# Adding a time derivative to Lagrangian effect on the Hamiltonian

## Homework Statement

This is derivation 2 from chapter 8 of Goldstein:

It has been previously noted that the total time derivative of a function of $q_i$ and $t$ can be added to the Lagrangian without changing the equations of motion. What does such an addition do to the canonical momenta and the Hamiltonian? Show that the equations of motion in terms of the new Hamiltonian reduce to the original Hamilton's equations of motion.

## Homework Equations

Euler-Lagrange equations:
$$\frac{\mathrm{d}}{\mathrm{d} {t}} \Big(\frac{\partial L}{\partial \dot{q}_i}\Big) = \frac{\partial L}{\partial q_i}$$
Hamilton's equations:
$$\frac{\partial H}{\partial p_i} = \dot{q}_i$$
$$\frac{\partial H}{\partial q_i} = -\dot{p}_i$$

## The Attempt at a Solution

[/B]
Let $$L' = L + \frac{\mathrm{d} F}{\mathrm{d} t}$$ where $F = F(\vec{q}, t)$
$$L' = L + \frac{\partial F}{\partial q_k} \dot{q}_k + \frac{\partial F}{\partial t}$$
$$p_i' = \frac{\partial L'}{\partial \dot{q}_i} = p_i + \frac{\partial F}{\partial q_i}$$
$$H' = p'_i \dot{q}_i - L' = p_i \dot{q}_i - L - \frac{\partial F}{\partial t} = H - \frac{\partial F}{\partial t}$$
$$\frac{\partial H'}{\partial p_j '} = \frac{\partial H'}{\partial p_k}\frac{\partial p_k}{\partial p_j'} = \frac{\partial H}{\partial p_j} = \dot{q}_j$$
$$\frac{\partial H'}{\partial q_j} = \frac{\partial H}{\partial q_j} - \frac{\partial ^2 F}{\partial q_j \partial t} = -\dot{p}_j - \frac{\partial ^2 F}{\partial q_j \partial t}$$
But
$$\dot{p}'_j = \dot{p}_j + \frac{\mathrm{d}}{\mathrm{d} t} \Big( \frac{\partial F}{\partial q_j} \Big) = \dot{p}_j + \frac{\partial ^2 F}{\partial q_j \partial t} + \frac{\partial ^2 F}{\partial q_i \partial q_k} \dot{q}_k$$
so $$\frac{\partial H'}{\partial q_j} \neq -\dot{p}'_j$$
I feel like I am making a simple mistake here but I cannot spot it. Any help would be much appreciated.

Barek

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TSny
Homework Helper
Gold Member
$$\frac{\partial H'}{\partial q_j} = \frac{\partial H}{\partial q_j} - \frac{\partial ^2 F}{\partial q_j \partial t} = -\dot{p}_j - \frac{\partial ^2 F}{\partial q_j \partial t}$$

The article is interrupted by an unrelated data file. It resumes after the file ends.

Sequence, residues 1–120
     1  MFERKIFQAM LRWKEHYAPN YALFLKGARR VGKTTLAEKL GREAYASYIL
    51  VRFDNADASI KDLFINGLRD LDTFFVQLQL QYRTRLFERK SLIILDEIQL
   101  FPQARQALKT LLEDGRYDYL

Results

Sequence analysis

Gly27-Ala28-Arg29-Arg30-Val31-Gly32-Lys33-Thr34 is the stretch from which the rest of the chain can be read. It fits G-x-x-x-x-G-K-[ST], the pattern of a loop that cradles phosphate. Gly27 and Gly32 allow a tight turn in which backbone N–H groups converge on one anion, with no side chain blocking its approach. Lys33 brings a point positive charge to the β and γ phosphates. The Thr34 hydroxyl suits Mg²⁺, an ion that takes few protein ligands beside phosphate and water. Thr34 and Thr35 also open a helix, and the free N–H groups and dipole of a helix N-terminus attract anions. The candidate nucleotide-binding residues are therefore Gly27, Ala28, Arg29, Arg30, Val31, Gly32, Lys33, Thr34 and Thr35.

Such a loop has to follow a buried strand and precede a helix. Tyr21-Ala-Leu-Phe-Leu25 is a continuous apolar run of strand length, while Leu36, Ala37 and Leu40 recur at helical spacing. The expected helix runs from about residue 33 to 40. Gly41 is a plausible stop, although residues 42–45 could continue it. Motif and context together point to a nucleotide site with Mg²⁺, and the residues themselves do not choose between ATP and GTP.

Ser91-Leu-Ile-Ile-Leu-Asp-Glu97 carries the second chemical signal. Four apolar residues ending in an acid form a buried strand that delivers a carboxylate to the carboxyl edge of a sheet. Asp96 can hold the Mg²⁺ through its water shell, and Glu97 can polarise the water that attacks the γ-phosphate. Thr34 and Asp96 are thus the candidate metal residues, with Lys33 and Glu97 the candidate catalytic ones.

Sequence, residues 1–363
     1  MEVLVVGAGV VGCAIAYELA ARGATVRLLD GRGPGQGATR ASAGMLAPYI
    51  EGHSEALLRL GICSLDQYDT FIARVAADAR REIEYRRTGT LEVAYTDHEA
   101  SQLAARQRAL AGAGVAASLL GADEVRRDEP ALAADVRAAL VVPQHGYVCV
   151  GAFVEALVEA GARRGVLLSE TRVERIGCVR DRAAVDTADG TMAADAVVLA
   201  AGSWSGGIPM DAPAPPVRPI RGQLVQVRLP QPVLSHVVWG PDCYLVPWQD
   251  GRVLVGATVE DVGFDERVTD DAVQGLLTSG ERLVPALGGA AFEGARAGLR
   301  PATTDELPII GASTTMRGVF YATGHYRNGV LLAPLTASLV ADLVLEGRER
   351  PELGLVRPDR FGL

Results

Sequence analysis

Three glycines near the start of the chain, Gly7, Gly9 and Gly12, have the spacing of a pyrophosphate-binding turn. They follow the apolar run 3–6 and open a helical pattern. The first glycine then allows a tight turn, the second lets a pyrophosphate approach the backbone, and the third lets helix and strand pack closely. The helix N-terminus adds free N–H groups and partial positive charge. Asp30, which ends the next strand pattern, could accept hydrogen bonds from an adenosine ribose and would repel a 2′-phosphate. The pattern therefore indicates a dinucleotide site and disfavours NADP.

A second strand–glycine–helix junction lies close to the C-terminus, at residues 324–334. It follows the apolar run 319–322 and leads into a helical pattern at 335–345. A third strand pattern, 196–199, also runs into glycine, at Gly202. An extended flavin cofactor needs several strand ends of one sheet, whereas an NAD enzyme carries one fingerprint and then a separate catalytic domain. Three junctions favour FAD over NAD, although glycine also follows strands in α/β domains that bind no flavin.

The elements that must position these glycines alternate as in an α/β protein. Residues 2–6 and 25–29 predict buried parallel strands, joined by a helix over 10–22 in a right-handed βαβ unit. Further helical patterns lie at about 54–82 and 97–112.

On the left side, you want to consider the partial with respect to $q_j$ while keeping all of the $p'_k$'s and $t$ constant. So, the partials with respect to $q_j$ on the right side would also be keeping the $p'_k$'s and $t$ constant. That is, you have
$$\frac{\partial H'}{\partial q_j}|_{p'_k, t} = \frac{\partial H}{\partial q_j}|_{p'_k, t} - \frac{\partial ^2 F}{\partial q_j \partial t}$$ Note that the first term on the right is not equal to $-\dot{p}_j$.

• barek and vela
Orodruin
Staff Emeritus
Homework Helper
Gold Member
On the left side, you want to consider the partial with respect to $q_j$ while keeping all of the $p'_k$'s and $t$ constant. So, the partials with respect to $q_j$ on the right side would also be keeping the $p'_k$'s and $t$ constant. That is, you have
$$\frac{\partial H'}{\partial q_j}|_{p'_k, t} = \frac{\partial H}{\partial q_j}|_{p'_k, t} - \frac{\partial ^2 F}{\partial q_j \partial t}$$ Note that the first term on the right is not equal to $-\dot{p}_j$.
This is actually a common issue in many fields, in particular in thermodynamics with state variables, where one calls coordinates in different systems on the same manifold the same thing just because they share coordinate functions and therefore has to specify what is to be considered constant in the partial derivative. It bugged me out to no end as a freshman. Personally, I would instead write down the full coordinate transformation on phase space as $q_i' = q_i$ and $p_i' = \partial L'/\partial q_i'$.

• barek, vela and TSny
On the left side, you want to consider the partial with respect to $q_j$ while keeping all of the $p'_k$'s and $t$ constant. So, the partials with respect to $q_j$ on the right side would also be keeping the $p'_k$'s and $t$ constant. That is, you have
$$\frac{\partial H'}{\partial q_j}|_{p'_k, t} = \frac{\partial H}{\partial q_j}|_{p'_k, t} - \frac{\partial ^2 F}{\partial q_j \partial t}$$ Note that the first term on the right is not equal to $-\dot{p}_j$.
That's what it was! It all works now, thank you!

Personally, I would instead write down the full coordinate transformation on phase space as $q_i' = q_i$ and $p_i' = \partial L'/\partial q_i'$.
Thanks! That really helped. We have thermodynamics next year so I'll try not to make the same mistake again!